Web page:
liberalization. Within three years after accession (or books, newspapers, journals, theatrical films, DVDs
by December 11, 2004), almost all of the required and music, despite its commitments to remove most
liberalization should have been implemented. By market access and national treatment restrictions
this time, China agreed to permit foreign enterprises applicable to the distribution of these products by
to supply wholesaling services and commission no later than December 11, 2004. China’s
agents’ services within China through wholly foreign- restrictions were set forth in a complex web of
owned enterprises. In addition, exceptions that measures issued by numerous agencies, including
China had been allowed to maintain for books, the State Council, NDRC, MOFCOM, the Ministry of
newspapers, magazines, pharmaceutical products, Culture, SARFT and GAPP.
pesticides and mulching films were to be eliminated.
Exceptions for chemical fertilizers, processed oil and As previously reported, the United States initiated a
crude oil (but not salt and tobacco) were to be WTO dispute settlement case against China in April
eliminated within five years after accession (or by 2007 challenging the importation and distribution
December 11, 2006). restrictions applicable to copyright-intensive
products such as books, newspapers, journals,
As previously reported, MOFCOM issued the theatrical films, DVDs and music. As discussed above
Measures on the Management of Foreign Investment in the Trading Rights section, a WTO panel issued its
in the Commercial Sector in April 2004 following decision in August 2009, ruling in favor of the United
sustained engagement by the United States, States on all significant claims, and China appealed.
including through the JCCT process. Among other The WTO’s Appellate Body rejected China’s appeal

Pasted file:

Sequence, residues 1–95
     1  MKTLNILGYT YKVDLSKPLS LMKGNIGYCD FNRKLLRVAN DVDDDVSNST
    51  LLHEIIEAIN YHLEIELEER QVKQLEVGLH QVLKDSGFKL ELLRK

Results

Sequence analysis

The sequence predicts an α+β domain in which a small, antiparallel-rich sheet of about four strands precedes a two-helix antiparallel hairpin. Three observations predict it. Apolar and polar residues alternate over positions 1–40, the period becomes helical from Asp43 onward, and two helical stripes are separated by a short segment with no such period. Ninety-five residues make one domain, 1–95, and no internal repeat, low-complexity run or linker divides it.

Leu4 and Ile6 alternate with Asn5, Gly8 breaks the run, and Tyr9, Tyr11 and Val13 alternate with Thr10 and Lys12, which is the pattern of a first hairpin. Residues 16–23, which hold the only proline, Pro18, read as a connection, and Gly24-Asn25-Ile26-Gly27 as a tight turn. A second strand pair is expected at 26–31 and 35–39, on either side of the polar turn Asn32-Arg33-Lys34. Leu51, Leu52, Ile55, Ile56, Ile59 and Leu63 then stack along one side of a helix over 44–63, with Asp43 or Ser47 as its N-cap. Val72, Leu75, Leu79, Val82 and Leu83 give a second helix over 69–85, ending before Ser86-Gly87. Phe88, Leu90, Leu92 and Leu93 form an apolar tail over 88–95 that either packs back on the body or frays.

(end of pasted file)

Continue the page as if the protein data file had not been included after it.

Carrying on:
things, these regulations lifted market access and on all counts in December 2009, and China agreed to
national treatment restrictions on wholly foreign- come into compliance with these rulings by March
owned enterprises and removed product exceptions 2011. China subsequently issued several revised
for books, newspapers, magazines, pesticides and measures, and repealed other measures, relating to
mulching films as of the scheduled phase-in date of its distribution restrictions on imported books,
December 11, 2004. The regulations also required newspapers, journals, DVDs and music, although
enterprises to obtain central or provincial-level these steps have not yet brought China into full
MOFCOM approval before providing wholesale compliance with the WTO’s rulings, particularly with
services, and they appeared to set relatively low regard to the online distribution of music.
qualifying requirements, as enterprises needed only
to satisfy the relatively modest capital requirements With regard to theatrical films, China proposed
of the Company Law rather than the high capital bilateral discussions with the United States in order
requirements found in many other services sectors. to seek an alternative solution. After months of

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negotiations, which included discussions between compensation for the U.S. side. At the November
the two sides’ Vice Presidents, the United States and 2016 JCCT meeting, China agreed that those
China reached agreement in February 2012 on an discussions will seek to increase the number of
MOU providing for substantial increases in the revenue-sharing films to be imported each year and
number of foreign films imported and distributed in the share of gross box office receipts received by